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How Seafood Can Impact Brain Development

In my video Fish Intake Associated With Brain Shrinkage, I discussed evidence suggesting that mercury exposure through fish intake during pregnancy may decrease the size of the newborn’s brain. However, just because fish-eating mothers may give birth to children with smaller brains doesn’t necessarily mean their children will grow up with neurological defects. In the above video, you can see real-time functional MRI scans of teens whose moms ate a lot of seafood when pregnant. Because these kinds of scans can measure brain activity, as opposed to just brain size, we can more accurately determine if exposure to mercury and PCBs affected these kids. We can see an MRI of what a normal brain looks like when we flash a light in someone’s eyes, but the MRI is significantly different for the mercury and PCB exposed brains, suggesting toxicant related damage to the visual centers in brain. (For more on the effect of mercury on teens, see Nerves of Mercury.) Fish consumption may also increase the risk of our children being born with epilepsy.

So does maternal fish consumption have an effect on how smart our kids turn out? The DHA in fish—a long chain omega 3 fatty acid—is good for brain development, but mercury is bad for brain development. So a group of researchers looked at 33 different fish species to see what the net effect of these compounds would have on children’s IQ. For most fish species, they found that “the adverse effect of mercury on the IQ scores of children exceeded the beneficial effects of DHA.” In fact, so much brainpower may be lost from fish consumption that the United States may actually lose $5 billion in economic productivity every year.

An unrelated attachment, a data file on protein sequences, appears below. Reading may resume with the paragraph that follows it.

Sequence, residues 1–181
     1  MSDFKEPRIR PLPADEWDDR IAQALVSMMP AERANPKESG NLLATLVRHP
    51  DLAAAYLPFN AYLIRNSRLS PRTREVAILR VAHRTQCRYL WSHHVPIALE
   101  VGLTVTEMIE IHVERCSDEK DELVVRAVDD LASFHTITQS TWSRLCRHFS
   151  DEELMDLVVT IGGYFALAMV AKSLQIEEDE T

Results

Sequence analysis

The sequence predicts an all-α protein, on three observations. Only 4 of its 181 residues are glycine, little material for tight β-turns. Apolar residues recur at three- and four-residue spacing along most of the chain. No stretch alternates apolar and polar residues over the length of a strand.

For example, if pregnant women ate tuna every day, the DHA would add a few IQ points. But the mercury in that very same tuna would cause so much brain damage that the overall effect of eating tuna while pregnant would be negative, wiping out an average of eight IQ points. The only two fish that were more brain-damaging than tuna were pike and swordfish.

At the other end of the spectrum, the brain boosting effect of DHA may trump the brain damaging effects of mercury in salmon by a little less than one IQ point. Unfortunately, IQ only takes into consideration the cognitive damage caused by mercury, not the adverse effects on motor function and attention and behavior deficits. We think that attention span may be particularly vulnerable to developmental mercury exposure, probably due to damage to the frontal lobes of the brain.

And the IQ study didn’t take into account the relatively high levels of PCBs in salmon and the accompanying concerns about cancer risk. Sustainability concerns are another wrinkle, as farm-raised salmon are considered a “fish to avoid.” While king mackerel is considered a best choice for sustainability, the mercury levels are so high as to warrant avoiding consumption—exceeding both the FDA and EPA action levels for mercury contamination. But why risk any loss in intelligence at all when pregnant women can get all the DHA they want from microalgae supplements without any of the contaminants. We can then get the brain boost without the brain damage.